Pictorialists and the Photo Salon

Pictorialists and the Photo Salon

In the 1880s the amateur movement began to grow to meaningful levels and a marked division developed between the masses making record shots and those who were more studied, to varying degrees, considered themselves as serious photographers.

With the growth of pictorialism and the increasing appreciation of photography as a fine art, galleries increasingly accepted photographs and exhibitions upgraded their status to “Salon”. Quoting an article from the AMERICAN AMATEUR PHOTOGRAPHER of March 1898:

It was a bold move that prompted the Pittsburgh Amateur Photographer’s Society to hold an international salon and exhibition at the Carnegie Galleries… Following so closely upon the splendid array of paintings brought together through the instrumentality of those who already knew from past experiences the taste of a critical public, the ambitious spirit of the officers governing the society of lens and camera is responsible for a photographic treat, that in itself is sufficient to stamp the event of importance in the art world. Considering that the exhibit was the first of the Pittsburgh Amateur Photographer’s Society, and taking into consideration, also, that oils and colors appeal more directly to the eye than the delicate black and white effects of the photograph, it was a surprise to observe with what interest the walls of the galleries were scanned.

The Photo Society held the salon from January 18 through February 6, 1898. The exhibit was in three classes; a Salon, a General Exhibition and a Special Exhibition. Of the 750 prints submitted, the judges selected seventy-one for the Salon. A larger number were selected for the General Exhibition; these being meritorious entries, but not judged sufficiently artistic to be classed in the Salon. The Special Exhibition was separate from the others as it was intended to spur-on members of the Photo Society who had not the experience or training to qualify acceptance into the Salon. The Salon’s Grand Prize was split between Clarence H. White – a highly regarded pictorialist who was just getting national recognition – for The Readers, and James L. Nix – a member of the Photo Society – for Reflections. 6 By any measure, the exhibition was a success. Attendance over the 19-day exhibit reached 23,000. 7
It is important to note that Pittsburgh was an early entrant into the salon movement. The Pittsburgh salon preceded the first Philadelphia Photographic Salon, which opened on October 24, 1898. The Philadelphia salon was considered to be one of the first and highly regarded international salons held in this country.

In reviewing prints from the Pittsburgh salons of the1920’s into the late 1940’s there is a clear, gradual shift away from soft focus prints – what some called “fuzzytypes,” – to sharp focused and full tonal range prints. To illustrate the degree of change from the 1920s, some Photo Section members in the Fifties became infatuated with B-B-G images – big, blue and glossy prints. These were sharply focused, full tonal range, sixteen by twenty inches, blue toned glossy (ferrotyped) prints. With the pictorialist’s restrictive viewpoint on what makes a good picture, it was destined to fade.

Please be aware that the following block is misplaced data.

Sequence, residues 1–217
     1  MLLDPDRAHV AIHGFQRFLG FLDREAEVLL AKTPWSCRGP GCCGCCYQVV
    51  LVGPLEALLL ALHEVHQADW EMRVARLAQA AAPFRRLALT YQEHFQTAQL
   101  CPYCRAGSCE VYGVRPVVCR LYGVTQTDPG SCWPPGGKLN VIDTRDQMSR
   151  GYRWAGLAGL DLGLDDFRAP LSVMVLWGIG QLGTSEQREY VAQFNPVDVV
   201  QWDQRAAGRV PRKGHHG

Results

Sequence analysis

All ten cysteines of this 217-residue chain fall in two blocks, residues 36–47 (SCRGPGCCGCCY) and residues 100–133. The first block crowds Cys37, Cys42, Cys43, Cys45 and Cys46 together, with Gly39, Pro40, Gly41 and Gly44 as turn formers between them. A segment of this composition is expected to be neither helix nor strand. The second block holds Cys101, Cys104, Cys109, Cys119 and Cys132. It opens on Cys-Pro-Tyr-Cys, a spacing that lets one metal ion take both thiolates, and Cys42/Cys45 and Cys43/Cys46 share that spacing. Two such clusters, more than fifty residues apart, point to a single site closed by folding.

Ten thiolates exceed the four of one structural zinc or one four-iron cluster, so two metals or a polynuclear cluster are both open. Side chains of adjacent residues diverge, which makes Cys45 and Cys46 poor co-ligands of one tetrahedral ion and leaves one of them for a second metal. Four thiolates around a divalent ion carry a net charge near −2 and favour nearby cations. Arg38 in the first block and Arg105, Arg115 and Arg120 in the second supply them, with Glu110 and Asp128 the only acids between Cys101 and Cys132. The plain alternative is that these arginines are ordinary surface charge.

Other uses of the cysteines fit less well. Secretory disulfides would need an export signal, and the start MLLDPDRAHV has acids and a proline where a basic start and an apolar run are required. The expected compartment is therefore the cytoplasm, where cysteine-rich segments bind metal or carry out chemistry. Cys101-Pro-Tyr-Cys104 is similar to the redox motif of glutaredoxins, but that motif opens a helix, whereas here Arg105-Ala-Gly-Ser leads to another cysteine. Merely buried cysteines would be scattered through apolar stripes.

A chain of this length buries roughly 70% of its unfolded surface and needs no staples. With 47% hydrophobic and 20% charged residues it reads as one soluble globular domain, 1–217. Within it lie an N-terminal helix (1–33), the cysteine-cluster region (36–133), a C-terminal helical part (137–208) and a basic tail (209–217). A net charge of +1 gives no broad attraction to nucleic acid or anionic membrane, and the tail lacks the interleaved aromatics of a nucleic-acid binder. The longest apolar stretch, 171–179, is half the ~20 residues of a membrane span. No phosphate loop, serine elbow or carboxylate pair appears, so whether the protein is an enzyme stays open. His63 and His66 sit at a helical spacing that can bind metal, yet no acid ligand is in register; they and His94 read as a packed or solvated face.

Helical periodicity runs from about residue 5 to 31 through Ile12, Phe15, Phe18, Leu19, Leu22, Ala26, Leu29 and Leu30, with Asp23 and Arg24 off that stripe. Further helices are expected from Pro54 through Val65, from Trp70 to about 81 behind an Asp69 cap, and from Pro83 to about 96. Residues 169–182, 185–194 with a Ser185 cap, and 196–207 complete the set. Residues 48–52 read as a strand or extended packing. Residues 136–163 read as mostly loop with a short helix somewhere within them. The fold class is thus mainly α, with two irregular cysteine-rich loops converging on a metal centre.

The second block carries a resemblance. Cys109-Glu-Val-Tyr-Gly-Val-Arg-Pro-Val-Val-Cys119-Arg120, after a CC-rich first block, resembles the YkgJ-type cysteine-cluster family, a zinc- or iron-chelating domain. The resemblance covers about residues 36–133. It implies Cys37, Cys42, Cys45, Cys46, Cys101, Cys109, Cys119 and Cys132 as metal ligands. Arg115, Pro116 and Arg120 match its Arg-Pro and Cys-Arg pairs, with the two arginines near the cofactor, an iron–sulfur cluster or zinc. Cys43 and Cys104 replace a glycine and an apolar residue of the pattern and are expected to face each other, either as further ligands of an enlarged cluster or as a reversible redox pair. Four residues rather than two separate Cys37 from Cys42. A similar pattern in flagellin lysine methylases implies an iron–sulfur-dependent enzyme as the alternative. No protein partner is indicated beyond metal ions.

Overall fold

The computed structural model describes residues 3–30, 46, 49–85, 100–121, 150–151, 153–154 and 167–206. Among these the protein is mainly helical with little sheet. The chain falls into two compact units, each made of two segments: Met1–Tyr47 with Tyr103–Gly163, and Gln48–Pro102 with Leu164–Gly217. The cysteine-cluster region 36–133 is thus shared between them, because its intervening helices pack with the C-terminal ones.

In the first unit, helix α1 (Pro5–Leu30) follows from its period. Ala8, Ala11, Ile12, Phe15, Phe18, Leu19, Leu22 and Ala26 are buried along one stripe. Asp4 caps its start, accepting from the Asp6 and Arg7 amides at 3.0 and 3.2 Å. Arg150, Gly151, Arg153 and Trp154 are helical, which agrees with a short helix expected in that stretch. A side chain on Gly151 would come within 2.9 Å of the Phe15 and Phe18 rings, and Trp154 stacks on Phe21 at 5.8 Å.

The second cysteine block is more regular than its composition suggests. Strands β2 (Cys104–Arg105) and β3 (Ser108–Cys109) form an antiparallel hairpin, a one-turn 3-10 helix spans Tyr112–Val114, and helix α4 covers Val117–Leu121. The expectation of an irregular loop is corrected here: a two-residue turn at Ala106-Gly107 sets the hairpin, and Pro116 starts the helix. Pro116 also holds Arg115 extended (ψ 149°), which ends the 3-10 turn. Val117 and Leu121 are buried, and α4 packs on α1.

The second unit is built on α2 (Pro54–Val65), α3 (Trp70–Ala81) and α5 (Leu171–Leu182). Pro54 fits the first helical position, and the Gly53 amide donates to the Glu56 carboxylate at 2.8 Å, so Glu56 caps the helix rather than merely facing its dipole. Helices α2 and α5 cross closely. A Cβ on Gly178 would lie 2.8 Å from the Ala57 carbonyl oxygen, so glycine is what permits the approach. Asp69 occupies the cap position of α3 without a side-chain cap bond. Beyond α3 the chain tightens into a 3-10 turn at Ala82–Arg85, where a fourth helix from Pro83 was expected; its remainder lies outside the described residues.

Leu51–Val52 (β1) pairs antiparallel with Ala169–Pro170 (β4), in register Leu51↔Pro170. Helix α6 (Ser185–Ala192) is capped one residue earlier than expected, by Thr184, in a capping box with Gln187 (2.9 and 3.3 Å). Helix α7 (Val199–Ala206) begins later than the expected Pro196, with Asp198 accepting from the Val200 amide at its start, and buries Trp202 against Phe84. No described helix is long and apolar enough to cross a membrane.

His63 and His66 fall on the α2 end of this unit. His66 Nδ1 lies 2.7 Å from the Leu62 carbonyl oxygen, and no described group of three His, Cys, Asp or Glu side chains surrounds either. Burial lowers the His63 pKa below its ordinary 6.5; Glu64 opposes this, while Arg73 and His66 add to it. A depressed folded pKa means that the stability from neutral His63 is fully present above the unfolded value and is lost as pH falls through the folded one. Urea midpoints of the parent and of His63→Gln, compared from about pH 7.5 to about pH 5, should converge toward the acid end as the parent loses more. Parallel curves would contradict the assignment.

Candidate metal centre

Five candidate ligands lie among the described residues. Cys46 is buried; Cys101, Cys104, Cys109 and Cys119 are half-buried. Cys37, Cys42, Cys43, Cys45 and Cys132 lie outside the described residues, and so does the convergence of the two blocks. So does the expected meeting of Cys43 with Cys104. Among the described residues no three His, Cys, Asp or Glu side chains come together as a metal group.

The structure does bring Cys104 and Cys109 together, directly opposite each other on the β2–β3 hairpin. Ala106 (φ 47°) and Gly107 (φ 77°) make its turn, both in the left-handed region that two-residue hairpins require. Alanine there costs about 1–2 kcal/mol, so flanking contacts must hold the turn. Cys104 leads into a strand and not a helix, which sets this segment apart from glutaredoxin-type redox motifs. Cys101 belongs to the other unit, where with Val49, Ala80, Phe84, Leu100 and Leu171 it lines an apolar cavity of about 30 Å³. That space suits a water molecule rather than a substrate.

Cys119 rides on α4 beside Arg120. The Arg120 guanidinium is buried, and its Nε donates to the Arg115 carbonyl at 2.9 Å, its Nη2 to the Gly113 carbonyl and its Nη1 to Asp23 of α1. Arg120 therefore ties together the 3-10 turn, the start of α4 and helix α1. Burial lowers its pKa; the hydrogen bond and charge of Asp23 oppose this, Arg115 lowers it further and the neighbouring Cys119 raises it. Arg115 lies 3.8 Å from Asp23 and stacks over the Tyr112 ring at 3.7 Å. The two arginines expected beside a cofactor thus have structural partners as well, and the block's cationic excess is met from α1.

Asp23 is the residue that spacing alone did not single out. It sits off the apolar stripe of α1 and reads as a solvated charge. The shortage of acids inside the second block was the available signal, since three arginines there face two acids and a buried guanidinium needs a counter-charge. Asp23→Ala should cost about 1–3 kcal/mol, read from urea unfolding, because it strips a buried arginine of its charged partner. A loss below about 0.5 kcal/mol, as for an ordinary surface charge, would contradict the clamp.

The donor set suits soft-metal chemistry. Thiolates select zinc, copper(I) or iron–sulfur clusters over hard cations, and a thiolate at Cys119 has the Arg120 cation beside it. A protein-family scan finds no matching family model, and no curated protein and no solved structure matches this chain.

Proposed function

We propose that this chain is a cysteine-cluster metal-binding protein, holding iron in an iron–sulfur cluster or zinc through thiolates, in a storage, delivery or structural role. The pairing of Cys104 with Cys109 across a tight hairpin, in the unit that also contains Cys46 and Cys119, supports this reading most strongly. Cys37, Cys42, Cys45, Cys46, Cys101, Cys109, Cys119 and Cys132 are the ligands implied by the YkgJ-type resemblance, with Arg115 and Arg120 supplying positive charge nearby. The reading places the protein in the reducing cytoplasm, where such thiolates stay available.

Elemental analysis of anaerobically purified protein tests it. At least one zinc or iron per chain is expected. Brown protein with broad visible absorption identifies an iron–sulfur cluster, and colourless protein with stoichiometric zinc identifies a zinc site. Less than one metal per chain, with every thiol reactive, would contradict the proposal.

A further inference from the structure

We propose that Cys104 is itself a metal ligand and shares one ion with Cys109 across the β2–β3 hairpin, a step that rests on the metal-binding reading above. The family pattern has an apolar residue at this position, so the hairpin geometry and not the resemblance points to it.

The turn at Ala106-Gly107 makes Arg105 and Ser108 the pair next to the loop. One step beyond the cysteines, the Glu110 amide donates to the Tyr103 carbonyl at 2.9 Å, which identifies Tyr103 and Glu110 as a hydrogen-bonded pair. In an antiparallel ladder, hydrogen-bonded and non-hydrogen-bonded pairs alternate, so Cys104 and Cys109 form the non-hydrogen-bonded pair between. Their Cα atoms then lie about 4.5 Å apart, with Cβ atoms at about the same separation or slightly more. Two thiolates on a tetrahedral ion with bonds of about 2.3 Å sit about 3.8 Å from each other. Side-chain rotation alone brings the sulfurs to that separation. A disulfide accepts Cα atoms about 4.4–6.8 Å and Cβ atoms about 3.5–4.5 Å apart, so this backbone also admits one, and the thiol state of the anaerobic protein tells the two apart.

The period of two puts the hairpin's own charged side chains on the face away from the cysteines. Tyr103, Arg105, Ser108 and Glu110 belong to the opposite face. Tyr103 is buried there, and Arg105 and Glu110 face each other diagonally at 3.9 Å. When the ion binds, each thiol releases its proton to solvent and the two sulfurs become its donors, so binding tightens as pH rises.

In the 1950’s and forward, Photo Section members practiced all of these new techniques and modernistic styles. While classical pictorialism was fading and modernist styles grew, its interesting and important to recognizes that the term “pictorialist” has been maintained, but covers a range of art photography styles. However, in some cases it is difficult to distinguish between what one considers modernist pictorial images and sport, photojournalistic and abstract photographs.

As Pictorialism was reaching new levels, other forces were beginning to change the magnitude and profile of amateur photography. In the early days, the cameras used by the pictorialists were bulky, heavy and relatively expensive. These were the tools of the serious (pictorial) photographer. With the introduction of the smaller and lower cost cameras, especially the 35 mm camera, the popularity of amateur photography-particularly by snap shooters- grew dramatically. The 35 mm camera also had a direct impact on the growth of the media, particularly newspaper and advertising photography. The images made by the professional newspaper and commercial photographers opened new pictorial opportunities.

Then there was the development of the 35mm color slide. In the case of slides, the Photo Section was slow in accepting them; which may well have been a factor in the formation of a new color camera club in Pittsburgh – The Natural Color Camera Club (NCCC), chartered in January 1942. . In the early years, the NCCC members met at various locations, including members homes. In 1948 it found its permanent home at the Arts and Crafts Center, later named the Pittsburgh Center for the Arts – located at the corner of Fifth and Shady Aves. The club’s main interests included color prints and color slides, with slides being the main area of interest. There was always a friendly rivalry between the Photo Section and the NCCC – some avid photographers were members at both clubs and members often jokingly referred to the other as the “other club”. Unfortunately, on October 2, 2002 the NCCC Board of Directors dissolved the club – due to decreasing membership.
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